A lot of my patterns are for tiny things that need to be stuffed before they’re finished. I’ve tried a lot of different materials over the years, and I’ve talked a bit about how I stuff things in individual patterns. But I wanted to put everything in one place so it’s easy to point folks to if they have questions.
Plastic pellets are my very favorite way to fill tiny things. I got a big bag of the weighted pellets and have filled an astonishing number of projects from it.
They give my knits a heft I really enjoy (there’s nothing better if you want your project to stand up on its own). They’re easy to work with and inexpensive. They don’t smell funny or mold or attract pests. And they’re big enough they don’t work their way out through your fabric over time.
I tend to use a fat straw and a spoon to funnel them in there, and I find they give me a much more even surface than stuffing does.
Now, some folks get awfully snarky about plastic. So I’ll just say right up front that you can totally use or not use whatever you like. No one will make you use plastic. But I’ve tried a bunch of non-plastic options for these projects, and none of them do all the things plastic does. And I don’t actually think plastic (especially plastic that you use and keep using for years, rather than use once and throw away) is inherently evil. Sometimes it’s the best choice for the job at hand.
So if you want to know what I like best, it’s plastic pellets. But there are other choices!
Wool roving or polyester stuffing
Traditional stuffing is my second favorite way to fill tiny things.
I like wool roving best, because it comes in more colors and I think it stays inside my knitting better. I’m pretty sure my cats prefer it too, they seem to play with the wool filled toys the most. Plain old polyester stuffing works too, but it seems to only come in bright white, and I find it tends to send creeping tendrils out through my fabric over time, so it’s not my favorite. But it will do in a pinch.
Stuffing will give you a softer, lighter, more cuddly project than plastic pellets will, so it can be a great choice if you’re planning to use your project as a toy.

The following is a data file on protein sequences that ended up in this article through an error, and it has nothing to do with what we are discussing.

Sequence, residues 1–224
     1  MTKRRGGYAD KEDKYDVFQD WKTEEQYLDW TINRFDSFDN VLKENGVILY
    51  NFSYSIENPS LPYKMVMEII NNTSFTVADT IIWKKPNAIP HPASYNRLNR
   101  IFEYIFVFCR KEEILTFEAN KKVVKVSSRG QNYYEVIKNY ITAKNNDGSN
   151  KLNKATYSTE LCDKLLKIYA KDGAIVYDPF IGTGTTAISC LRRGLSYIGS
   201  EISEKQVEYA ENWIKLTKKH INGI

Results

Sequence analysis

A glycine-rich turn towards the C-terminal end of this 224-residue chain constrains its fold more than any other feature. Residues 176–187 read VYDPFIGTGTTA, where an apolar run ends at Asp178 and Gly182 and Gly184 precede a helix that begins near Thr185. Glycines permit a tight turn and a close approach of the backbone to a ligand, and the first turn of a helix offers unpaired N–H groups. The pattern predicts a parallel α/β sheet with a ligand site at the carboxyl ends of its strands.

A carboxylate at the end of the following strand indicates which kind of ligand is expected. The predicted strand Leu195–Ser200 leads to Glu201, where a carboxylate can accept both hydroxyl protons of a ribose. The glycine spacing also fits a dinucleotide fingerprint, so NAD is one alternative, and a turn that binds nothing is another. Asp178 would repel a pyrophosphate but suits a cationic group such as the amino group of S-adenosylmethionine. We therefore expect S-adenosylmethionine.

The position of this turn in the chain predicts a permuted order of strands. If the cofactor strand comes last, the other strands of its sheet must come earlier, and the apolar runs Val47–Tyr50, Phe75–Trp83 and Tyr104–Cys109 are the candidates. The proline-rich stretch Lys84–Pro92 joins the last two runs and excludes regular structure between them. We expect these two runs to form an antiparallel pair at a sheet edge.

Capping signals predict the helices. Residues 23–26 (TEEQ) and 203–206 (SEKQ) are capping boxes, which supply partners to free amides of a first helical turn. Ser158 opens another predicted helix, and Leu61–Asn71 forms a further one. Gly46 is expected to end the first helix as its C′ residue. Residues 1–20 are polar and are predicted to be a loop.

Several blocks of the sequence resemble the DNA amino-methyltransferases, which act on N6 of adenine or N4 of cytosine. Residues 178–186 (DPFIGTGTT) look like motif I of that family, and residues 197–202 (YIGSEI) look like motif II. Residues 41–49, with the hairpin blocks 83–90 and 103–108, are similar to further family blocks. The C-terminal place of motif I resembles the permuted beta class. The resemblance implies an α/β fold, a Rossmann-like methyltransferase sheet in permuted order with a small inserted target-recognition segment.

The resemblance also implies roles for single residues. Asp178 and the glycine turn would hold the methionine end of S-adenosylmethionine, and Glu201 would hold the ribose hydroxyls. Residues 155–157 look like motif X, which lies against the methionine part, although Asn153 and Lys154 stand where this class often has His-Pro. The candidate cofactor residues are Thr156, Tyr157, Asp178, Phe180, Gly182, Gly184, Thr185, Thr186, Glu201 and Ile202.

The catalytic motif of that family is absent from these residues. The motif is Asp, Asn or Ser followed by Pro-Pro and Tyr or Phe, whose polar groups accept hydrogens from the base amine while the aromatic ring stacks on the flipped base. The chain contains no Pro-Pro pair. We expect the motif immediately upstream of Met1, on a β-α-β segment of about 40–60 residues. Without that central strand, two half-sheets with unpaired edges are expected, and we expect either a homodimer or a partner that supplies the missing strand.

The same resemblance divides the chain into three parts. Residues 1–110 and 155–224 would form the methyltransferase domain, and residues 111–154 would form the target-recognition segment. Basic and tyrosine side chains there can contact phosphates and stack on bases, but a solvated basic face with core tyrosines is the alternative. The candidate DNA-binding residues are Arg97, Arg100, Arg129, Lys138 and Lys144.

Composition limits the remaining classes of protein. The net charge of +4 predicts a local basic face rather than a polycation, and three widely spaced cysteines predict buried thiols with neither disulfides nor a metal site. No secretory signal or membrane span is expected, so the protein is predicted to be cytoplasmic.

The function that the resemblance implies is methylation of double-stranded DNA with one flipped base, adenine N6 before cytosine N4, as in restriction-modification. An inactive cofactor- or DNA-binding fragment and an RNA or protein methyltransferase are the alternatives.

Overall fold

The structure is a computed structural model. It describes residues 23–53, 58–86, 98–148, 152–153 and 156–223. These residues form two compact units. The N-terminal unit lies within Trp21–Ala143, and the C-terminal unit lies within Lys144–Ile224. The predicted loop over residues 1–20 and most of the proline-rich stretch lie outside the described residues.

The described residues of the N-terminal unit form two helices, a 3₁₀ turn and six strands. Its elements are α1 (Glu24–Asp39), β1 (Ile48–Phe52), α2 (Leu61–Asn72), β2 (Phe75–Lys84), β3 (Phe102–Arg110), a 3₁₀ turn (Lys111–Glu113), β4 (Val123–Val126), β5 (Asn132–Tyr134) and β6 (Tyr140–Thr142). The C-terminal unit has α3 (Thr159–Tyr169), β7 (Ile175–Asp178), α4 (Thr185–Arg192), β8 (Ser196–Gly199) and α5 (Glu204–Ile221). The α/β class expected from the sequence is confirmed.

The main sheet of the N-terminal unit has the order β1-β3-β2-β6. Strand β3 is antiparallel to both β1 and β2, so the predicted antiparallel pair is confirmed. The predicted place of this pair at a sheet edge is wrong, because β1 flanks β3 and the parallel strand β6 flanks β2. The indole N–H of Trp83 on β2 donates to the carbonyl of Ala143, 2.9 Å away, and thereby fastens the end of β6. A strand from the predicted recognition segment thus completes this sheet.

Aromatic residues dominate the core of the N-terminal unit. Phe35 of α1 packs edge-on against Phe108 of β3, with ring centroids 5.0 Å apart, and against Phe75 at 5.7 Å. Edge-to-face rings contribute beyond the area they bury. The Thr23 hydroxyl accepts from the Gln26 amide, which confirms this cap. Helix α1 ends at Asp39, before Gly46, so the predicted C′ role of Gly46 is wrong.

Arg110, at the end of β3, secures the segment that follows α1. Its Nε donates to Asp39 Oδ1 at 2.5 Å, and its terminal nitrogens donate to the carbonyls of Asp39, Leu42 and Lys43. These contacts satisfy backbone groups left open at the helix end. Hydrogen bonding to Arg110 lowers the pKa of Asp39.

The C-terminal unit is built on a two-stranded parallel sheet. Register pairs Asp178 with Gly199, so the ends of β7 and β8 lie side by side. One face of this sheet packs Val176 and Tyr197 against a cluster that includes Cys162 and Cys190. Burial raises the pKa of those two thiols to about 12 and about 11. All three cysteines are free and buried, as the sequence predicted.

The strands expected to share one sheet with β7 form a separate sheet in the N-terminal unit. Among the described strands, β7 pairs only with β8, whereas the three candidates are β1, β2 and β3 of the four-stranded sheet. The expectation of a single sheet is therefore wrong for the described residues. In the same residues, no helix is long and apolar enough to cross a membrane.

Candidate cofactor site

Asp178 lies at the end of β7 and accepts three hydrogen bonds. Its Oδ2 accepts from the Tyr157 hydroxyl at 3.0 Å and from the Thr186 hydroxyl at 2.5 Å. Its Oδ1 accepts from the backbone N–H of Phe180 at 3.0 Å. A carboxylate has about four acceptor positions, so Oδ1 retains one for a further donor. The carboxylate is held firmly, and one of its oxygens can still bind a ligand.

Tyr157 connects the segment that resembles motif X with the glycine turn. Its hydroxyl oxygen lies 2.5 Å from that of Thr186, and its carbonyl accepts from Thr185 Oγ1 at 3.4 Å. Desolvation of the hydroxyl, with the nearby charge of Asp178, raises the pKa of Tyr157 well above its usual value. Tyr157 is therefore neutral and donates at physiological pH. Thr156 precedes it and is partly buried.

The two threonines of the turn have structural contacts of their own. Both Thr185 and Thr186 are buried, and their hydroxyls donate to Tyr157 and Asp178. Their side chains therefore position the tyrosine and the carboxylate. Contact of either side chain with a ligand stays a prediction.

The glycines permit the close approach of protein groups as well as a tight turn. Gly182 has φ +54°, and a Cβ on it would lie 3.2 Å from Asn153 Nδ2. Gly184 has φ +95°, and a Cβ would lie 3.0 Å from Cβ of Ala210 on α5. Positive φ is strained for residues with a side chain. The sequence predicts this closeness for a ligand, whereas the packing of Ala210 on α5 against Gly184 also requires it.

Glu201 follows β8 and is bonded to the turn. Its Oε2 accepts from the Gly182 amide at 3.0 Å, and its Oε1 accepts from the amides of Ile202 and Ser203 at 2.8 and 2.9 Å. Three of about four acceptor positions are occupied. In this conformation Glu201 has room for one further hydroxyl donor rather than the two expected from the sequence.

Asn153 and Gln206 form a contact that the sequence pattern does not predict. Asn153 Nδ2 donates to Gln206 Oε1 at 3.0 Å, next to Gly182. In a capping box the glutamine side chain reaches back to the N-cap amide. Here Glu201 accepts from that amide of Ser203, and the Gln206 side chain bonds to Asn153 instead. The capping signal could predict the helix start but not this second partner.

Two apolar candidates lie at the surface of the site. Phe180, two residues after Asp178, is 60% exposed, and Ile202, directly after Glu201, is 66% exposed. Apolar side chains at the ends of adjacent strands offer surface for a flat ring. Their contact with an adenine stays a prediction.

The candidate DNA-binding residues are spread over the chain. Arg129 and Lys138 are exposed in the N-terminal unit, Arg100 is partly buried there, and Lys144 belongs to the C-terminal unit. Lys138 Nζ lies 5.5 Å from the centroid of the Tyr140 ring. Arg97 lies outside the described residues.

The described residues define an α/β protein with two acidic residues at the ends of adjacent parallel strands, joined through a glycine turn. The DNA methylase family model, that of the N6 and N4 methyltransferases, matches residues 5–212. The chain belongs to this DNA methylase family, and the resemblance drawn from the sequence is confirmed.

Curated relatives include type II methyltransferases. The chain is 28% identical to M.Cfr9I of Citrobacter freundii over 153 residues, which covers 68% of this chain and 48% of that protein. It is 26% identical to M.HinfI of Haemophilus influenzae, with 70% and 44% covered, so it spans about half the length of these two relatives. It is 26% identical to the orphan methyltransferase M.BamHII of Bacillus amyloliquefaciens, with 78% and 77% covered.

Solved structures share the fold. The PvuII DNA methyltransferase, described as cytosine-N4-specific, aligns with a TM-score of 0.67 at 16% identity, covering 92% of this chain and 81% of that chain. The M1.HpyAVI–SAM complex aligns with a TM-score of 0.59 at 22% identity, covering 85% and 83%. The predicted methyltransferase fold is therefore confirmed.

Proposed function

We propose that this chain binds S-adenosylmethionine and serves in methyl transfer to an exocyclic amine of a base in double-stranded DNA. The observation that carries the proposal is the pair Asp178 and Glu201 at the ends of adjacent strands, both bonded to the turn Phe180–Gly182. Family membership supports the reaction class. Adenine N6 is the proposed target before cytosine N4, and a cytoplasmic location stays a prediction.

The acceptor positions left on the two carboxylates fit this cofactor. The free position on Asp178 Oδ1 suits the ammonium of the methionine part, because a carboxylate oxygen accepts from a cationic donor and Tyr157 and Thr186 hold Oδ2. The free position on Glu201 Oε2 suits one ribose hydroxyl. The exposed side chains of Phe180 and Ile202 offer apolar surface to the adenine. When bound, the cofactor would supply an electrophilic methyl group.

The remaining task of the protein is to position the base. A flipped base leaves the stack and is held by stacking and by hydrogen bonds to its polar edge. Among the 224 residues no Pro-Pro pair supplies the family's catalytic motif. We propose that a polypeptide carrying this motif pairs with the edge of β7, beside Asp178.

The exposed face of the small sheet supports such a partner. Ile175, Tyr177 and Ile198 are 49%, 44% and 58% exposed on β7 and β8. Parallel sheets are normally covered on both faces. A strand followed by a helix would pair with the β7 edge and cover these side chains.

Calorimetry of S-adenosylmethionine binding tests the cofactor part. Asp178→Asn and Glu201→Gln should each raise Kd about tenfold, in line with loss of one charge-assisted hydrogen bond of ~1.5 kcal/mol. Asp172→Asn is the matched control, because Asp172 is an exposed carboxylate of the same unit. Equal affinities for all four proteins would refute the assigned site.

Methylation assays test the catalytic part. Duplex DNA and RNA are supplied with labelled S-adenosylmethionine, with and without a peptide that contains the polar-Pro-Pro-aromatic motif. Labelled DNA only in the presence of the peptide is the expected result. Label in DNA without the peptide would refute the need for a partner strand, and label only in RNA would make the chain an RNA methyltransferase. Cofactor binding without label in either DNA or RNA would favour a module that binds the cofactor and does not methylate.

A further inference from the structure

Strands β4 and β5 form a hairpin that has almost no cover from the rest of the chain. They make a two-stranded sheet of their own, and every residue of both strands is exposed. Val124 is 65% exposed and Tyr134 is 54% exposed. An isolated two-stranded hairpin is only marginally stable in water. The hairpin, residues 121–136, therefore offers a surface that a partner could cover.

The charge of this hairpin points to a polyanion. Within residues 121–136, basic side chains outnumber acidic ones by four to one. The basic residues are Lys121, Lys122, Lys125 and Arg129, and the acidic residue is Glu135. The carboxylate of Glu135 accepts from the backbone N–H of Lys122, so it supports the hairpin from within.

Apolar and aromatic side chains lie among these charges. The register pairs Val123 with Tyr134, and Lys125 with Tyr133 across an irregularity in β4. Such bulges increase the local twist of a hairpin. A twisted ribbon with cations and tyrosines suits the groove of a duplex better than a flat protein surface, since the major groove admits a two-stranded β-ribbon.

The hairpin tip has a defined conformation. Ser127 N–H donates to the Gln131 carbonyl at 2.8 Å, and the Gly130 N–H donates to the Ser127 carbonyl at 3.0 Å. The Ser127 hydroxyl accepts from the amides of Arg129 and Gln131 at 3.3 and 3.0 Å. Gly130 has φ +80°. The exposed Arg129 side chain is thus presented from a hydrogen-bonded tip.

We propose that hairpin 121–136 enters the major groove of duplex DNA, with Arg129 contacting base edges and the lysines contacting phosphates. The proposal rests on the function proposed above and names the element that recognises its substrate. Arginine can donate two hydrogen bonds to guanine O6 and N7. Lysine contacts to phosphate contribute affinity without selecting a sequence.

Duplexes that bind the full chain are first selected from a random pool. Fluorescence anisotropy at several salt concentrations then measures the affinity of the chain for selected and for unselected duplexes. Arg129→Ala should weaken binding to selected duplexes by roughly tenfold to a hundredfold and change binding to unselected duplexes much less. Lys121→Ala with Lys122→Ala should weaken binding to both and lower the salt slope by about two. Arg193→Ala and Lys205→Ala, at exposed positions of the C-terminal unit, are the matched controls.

If you want your projects to have a scent, you can work some smelly stuff (like lavender, catnip, rose petals, chamomile, or cedar chips) into your filling.
The easiest way I’ve found to do this is to fill one of the tiny cotton drawstring bags intended to be used as reusable tea bags with whatever I want to use for scent. Then I fill my project part way with whichever filling I’m using, tuck in the bag with the smelly stuff, then finish filling the project.
Most of the stuff you would use for scent is kind of grabby, so it can be hard to get it into your knitting if it’s not contained. And some of it is pretty tiny, so it has a tendency to work its way out of your fabric over time if you don’t put it in something. The tiny drawstring bags solve both those problems.
If you want to use your projects as microwaveable hot packs, you can do that! But it’s really important to pay attention to the materials you’re using.
First, make sure you’re using all natural yarns (wool or cotton are great, don’t use anything with nylon or metal in the yarn). Then, fill it with something you can microwave and which will retain heat.
Most of the recommendations I see are for dried rice or beans or lentils. Different materials have different properties (heat retention, smell, weight) and most have the potential to mold or attract pests over time, so it’s always a bit of a balancing act to find what works for you. I don’t actually use hand warmers, so I don’t have a lot of personal experience with them, but I found this post where someone reviewed a bunch of different options that might be helpful.
But overall, my favorite way to fill any sort of stuffed project is plastic pellets. I’ll use wool roving if I need something to be soft and cuddly. I’ll use polyester stuffing if nothing else handy. If I want to put smelly stuff in there, I tuck it in a tiny bag first to make it a bit more manageable. If I want hand warmers, I head to the kitchen and see what’s lingering at the back of the pantry.
I’m absolutely sure there are other options (glass beads, emery sand, metal balls, yarn scraps). But these cover the vast majority of projects I’ve made or seen other folks make, and I think they’ll almost certainly work for you!
P.S. You’ll see I’ve occasionally linked to specific products on amazon. Full disclosure, amazon is garbage. We all know that. But it is also convenient and makes life easier for a lot of folks. So, amazon links are affiliate links, because if I’m going to send traffic their way, I’m damn sure going to get back the couple of cents they’ll give me for doing that.
If you don’t want to buy stuff on amazon, that’s great! I encourage you to search out similar things from your local stores. But it’s the best way I’ve found to get the most information to the most people in as convenient a way as possible. So I’m going to include them. But I am always in favor of finding an alternative if that’s an option for you.